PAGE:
Songs from This Album
Album Reviews: Get Lonely by The Mountain GoatsMountain Goats main man John Darnielle is regarded as such a lyrical force that he is presently playing shows alongside the likes of authors Dave Eggers and Sarah Vowell. He's so well-regarded that even similarly well-regarded peers like John Vanderslice seek him out for writing pow-wows. The sparse indie-folk of Get Lonely finds him turning yet some more memorable phrases, although it also seems that Darnielle is so focused on his storytelling that he's forgetting to write interesting music to accompany it. Minimal to a fault, Get Lonely is an album of aching intimacy and focused craftsmanship, but ultimately also of modest effect.
The protagonist of Get Lonely has been set adrift, and we follow him through some well-painted vignettes of wandering, like the string-enhanced "Moon Over Goldsboro." He comes home to an empty house, which leads to choruses like "What do I do? What do I do? What do I do without you?" ("Woke Up New") and "Can't get you / Out of my head / Lost without you / Half dead" ("Half Dead"). For longtime fans who have journeyed with Darnielle through denser or more poetic lyrical terrain, this directness may be quite arresting. Even for newcomers, "Half Dead" surely leaves one of the most indelible impressions of all the songs on the album. The lyrical heartbreak is framed against a backdrop so happy and jaunty that it sounds sarcastic, like a forced smile. On the other hand, it's also understandable if newcomers, barraged with blogger hype about how they have to compare Darnielle to Milton and Yeats instead of his musical contemporaries, take a look at those lines and say, "Really? That's it?"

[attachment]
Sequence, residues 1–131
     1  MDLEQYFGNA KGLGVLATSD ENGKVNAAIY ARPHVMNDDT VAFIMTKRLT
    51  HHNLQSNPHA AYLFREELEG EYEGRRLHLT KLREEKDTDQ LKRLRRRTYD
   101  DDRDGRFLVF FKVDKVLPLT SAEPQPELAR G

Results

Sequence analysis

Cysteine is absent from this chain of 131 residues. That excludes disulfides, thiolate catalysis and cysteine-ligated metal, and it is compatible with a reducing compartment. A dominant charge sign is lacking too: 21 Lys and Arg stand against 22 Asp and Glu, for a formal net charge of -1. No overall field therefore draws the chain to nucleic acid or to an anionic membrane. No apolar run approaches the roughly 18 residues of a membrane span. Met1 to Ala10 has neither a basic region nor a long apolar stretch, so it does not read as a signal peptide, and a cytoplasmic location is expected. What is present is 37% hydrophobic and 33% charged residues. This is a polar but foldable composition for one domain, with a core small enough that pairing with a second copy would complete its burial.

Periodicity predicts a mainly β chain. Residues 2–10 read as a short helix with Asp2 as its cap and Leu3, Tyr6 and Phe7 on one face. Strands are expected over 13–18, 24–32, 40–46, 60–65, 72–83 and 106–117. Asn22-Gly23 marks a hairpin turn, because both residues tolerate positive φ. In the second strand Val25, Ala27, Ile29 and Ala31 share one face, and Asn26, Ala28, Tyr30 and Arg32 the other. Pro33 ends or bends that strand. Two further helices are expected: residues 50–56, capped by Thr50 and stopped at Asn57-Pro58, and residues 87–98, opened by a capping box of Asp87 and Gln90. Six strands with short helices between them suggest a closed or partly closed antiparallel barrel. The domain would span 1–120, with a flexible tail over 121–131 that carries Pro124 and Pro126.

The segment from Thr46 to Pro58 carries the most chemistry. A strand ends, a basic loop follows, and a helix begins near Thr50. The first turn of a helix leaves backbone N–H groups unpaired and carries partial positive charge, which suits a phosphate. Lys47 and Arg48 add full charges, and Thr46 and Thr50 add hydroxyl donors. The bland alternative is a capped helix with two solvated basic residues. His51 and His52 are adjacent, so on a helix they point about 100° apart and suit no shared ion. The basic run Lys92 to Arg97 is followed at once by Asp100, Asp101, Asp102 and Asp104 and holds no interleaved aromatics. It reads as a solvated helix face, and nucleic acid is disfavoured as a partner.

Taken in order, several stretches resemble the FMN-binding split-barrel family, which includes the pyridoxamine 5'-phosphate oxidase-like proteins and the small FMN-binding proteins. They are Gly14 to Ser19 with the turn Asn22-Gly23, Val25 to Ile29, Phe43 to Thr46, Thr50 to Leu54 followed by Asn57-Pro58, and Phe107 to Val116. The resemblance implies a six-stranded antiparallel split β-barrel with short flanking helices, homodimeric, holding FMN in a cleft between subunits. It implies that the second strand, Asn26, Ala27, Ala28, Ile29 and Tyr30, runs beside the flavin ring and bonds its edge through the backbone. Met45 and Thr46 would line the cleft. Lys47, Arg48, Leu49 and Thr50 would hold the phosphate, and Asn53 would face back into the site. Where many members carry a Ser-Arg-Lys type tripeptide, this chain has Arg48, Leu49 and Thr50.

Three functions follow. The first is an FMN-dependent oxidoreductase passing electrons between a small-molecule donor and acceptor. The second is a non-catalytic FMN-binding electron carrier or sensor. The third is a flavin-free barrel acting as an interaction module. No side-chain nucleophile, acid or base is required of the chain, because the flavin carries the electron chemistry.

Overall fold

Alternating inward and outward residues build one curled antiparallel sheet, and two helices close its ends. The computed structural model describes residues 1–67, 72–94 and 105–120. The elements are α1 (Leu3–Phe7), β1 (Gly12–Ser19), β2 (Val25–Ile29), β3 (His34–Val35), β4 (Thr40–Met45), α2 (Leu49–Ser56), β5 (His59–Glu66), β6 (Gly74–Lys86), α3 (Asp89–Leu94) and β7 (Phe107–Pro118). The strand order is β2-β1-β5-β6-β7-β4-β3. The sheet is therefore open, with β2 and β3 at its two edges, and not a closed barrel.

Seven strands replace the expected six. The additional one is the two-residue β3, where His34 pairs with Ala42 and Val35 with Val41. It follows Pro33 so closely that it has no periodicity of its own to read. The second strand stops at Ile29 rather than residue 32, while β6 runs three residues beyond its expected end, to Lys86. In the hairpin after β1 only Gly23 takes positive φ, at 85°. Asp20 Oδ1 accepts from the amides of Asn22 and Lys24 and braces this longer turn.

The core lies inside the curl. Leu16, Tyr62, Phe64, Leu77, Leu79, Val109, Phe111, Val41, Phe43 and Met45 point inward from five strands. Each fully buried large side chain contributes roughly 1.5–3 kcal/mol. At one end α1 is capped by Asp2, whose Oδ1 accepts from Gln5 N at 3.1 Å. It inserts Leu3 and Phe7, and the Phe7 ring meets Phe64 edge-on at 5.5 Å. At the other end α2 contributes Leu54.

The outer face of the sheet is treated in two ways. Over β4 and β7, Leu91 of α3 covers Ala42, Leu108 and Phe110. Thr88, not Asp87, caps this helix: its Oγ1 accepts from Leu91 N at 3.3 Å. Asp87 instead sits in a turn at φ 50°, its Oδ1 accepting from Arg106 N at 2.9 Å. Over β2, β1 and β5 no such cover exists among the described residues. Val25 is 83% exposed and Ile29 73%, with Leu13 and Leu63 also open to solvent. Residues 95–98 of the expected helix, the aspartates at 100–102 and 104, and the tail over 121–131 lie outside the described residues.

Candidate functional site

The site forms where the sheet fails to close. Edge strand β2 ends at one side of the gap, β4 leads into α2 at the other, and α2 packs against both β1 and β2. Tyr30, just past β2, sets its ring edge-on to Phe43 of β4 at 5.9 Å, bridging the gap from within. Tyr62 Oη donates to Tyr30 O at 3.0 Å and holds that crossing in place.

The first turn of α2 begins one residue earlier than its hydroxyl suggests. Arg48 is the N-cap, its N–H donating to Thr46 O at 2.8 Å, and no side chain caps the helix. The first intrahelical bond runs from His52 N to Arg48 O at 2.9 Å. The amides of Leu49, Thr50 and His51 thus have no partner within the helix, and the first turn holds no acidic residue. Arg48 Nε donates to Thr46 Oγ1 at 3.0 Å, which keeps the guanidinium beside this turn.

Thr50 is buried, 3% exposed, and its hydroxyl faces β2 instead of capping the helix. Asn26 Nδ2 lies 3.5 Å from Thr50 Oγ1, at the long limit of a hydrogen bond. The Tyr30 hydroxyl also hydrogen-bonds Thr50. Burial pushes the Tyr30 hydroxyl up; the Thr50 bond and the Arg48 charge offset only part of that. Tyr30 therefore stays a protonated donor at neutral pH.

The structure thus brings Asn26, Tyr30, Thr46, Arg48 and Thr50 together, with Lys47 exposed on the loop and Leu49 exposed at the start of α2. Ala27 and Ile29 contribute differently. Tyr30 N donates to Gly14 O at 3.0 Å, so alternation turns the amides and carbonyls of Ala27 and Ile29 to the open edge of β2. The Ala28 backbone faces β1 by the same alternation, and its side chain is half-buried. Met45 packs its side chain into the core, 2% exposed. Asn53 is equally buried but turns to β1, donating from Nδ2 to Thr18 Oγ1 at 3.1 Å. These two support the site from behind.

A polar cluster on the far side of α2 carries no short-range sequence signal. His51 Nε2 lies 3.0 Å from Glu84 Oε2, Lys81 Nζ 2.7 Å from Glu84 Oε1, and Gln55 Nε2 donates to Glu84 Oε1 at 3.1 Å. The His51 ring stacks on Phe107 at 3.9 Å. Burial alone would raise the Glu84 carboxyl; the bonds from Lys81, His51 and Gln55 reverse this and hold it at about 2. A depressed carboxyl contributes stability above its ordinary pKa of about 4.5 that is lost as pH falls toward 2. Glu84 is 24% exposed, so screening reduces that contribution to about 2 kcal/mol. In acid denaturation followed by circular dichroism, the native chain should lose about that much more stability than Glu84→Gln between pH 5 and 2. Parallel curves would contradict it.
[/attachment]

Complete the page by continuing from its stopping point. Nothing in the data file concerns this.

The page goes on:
Exercising patience with Get Lonely will be rewarded, as it's an album of subtle shading and can easily slip unassumingly into the background. There are some deftly placed flourishes of heavy-hearted cello and delicate percussion, and even a downright playful skip-and-crash of horns, organ and drums on "If You See Light." Unfortunately, those moments, like the beguiling guitar line in "Cobra Tattoo" or the cinematic strings of "Maybe Sprout Wings," are surrounded by material that too often foregoes memorable melody and winds up lacking sustenance. - Adam McKibbin, The Red Alert
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